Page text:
I have a very old RCA DVD player that dosen't like to play anything (so if it works on that it will work on anything). I also have a Sony (560? I think) that plays just about everything.

Well ordered all the stuff.

Thru buy.com got the
Got the Dazzle Hollywood for PC for $244
Got a Firewire card for $32
Got the OEM version of the Pioneer A04 from CenDyne for $297
Bought a 80GB drive (to add to existing 40GB drive)

The machine (2.0GHz, 640MB Ram) came with XP Home , I guess I will reinstall it (I was using Linux and Win2000 Adv server) I will probably use NTFS across on both drives.

Most of the DVD-R media say General Data "Not for Authoring". I assume that means not authoring a playable DVD-R but for like PC data and such. Where do you find "Authorable" DVD-Rs or do you use DVD-RW media??? Bought Maxell and TDK brand 10 packs (one of DVD-R and one of DVD-RW)
 

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DVD for General is what you want. Authoring drives are for "professional" use. Essentially to work around the entire copyright issue, DVD for general has the disk encryption information permanently stamped on the disk. This track controls copy protection, it is stamped that the disk is not encrypted.

This keeps you from making a bit for bit copy of a Hollywood disk, because the hollywood disk is encrypted and the DVD for general has the decryption section permanently stamped not to allow decryption and region control.

Authoring drives run about 3k, and allow you to produce an encrypted disk, but they have a limitation of only 4GB or so data capacity. The general disks go to 4.7 GB.

You want DVD-RW and -R general.

If you ever decide you want to mass produce a disk and you want region control and encryption, you can use the DVD-R and take it to a professional production house and have them reauthor it that way. Many disk copiers will take a DVD-R for reproduction (they used to require a DLT tape), but you will not have the encryption, region control, and copy protection without going to have it reauthored first.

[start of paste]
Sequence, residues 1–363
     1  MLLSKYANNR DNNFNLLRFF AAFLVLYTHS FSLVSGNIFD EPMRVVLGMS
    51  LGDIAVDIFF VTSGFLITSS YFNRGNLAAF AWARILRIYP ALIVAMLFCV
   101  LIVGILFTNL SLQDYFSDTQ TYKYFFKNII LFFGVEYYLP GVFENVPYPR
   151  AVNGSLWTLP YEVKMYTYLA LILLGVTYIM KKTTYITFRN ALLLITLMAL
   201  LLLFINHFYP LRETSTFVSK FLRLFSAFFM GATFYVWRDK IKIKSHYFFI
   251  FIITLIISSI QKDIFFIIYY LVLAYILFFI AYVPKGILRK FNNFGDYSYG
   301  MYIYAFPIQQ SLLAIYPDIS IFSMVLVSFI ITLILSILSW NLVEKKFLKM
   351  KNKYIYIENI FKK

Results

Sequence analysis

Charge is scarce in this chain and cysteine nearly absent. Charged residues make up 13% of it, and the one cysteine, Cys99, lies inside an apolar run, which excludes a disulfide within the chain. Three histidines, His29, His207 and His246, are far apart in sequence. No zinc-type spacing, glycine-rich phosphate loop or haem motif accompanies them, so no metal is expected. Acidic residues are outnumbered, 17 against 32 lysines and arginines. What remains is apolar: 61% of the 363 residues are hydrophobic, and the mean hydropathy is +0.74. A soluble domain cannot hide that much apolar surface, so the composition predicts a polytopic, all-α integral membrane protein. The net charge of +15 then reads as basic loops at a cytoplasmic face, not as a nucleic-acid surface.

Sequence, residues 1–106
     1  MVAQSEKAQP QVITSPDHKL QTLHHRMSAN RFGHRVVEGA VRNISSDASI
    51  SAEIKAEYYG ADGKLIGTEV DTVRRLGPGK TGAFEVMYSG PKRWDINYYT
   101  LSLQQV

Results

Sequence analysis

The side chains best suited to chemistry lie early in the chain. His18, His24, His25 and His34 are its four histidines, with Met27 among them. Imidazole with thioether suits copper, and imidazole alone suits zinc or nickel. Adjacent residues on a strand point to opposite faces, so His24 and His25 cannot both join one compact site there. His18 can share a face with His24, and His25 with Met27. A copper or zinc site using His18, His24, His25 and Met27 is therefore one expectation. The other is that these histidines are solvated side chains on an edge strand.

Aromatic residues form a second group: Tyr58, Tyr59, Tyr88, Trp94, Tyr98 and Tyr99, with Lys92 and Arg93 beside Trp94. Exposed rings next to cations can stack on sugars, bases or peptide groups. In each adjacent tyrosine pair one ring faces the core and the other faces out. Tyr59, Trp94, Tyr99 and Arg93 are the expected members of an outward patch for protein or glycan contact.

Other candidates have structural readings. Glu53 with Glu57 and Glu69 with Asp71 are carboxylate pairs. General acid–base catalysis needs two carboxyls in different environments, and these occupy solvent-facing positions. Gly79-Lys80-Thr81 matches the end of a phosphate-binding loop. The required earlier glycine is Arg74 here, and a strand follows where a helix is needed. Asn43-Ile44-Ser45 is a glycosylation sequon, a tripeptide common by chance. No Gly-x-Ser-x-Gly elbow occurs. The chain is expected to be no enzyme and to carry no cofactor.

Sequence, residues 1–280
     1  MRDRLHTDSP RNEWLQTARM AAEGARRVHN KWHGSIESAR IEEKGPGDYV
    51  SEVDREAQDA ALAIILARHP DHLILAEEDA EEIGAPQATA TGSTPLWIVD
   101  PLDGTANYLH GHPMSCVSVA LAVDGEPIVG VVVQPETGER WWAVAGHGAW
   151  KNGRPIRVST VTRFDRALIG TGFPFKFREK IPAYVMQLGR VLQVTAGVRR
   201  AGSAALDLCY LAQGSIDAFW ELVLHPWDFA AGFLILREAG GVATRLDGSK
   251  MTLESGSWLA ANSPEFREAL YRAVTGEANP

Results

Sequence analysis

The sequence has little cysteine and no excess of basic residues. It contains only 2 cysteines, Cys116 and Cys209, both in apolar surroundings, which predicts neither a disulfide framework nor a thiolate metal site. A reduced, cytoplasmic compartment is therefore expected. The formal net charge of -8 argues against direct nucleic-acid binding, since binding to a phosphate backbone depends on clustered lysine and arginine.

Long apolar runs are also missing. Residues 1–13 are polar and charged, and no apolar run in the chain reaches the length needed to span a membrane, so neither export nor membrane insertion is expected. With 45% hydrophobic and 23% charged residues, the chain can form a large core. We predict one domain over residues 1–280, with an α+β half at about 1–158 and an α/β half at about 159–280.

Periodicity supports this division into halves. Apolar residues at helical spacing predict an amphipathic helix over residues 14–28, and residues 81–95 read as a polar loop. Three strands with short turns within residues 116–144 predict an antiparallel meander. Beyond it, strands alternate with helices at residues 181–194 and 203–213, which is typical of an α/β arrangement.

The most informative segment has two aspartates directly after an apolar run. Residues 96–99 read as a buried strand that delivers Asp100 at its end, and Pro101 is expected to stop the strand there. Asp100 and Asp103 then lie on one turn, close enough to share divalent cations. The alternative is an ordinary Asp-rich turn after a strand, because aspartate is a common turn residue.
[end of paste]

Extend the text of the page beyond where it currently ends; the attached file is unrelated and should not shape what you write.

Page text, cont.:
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Well on a different note welcome to the world of DVD authoring. Here are some quick and dirty secrets that will probably save you a lot of time:

1. The DVD authoring software you get from the drive make (does not matter which maker) will be a slightly better than demo version. They will have an "upgrade" available to a more powerful version. With the Pioneer drive you probably got a program called DVDit. You probably got DVDit LT and will want to upgrade to SE. There is also PE but you will not really need PE until you get serious.

2. The mpeg encoder that comes with the software will probably not do a good job if you try to put more than about 75 minutes on a disk. http://www.tmpgenc.net/ is a link to a very low cost (I think it is free for 30 days then $50). This is an extreamly powerful encoder (in fact I do not know of an encoder that really does more or better), but it takes forever to work. It can take 48 hours to do a 2hour video if you try to maximize picture quality, there are faster modes. Remember the hollywood takes 6 weeks to do a movie (they have people look at each frame and adjust by hand if needed (tmpengc will allow you to do that if you really wanted to)).

3. it is an enormous time sink. If you are just doing VCR quality you will probably not have to worry about #2 very much. You can put a 2 hour VCR tape on a DVD without much problem using the software that comes with it. This is because the VCR tape is low resolution to start with. But you will have to worry about how the disk works. i.e. if you want to have menus, scene selections, you are responsible to put it all together, and link what you want the next, back, menu, buttons do. You have tremendous flexibility and I would definitely use RW disks for a while until you get it just like you want it before doing -R. I always test a disk as much as possible, testing the buttons at each menu and menu selection.
 

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Discussion Starter · #10 ·
I figure if I want to archive my tapes, I would want to use chapters and Play all, but not that much. I guess first priority is get them off the VHS tapes and then later on make them "Presentable".

How long to master a 2Hr Video tape to DVD with no menus, just start and play. Tape has already started to lose sharpness due to age of the tape?

Obviously 2 hours to run thru the playing of the data?...
 

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If you are using DVDit it will probably take:

1. 2 hours to play the tape and send it to disk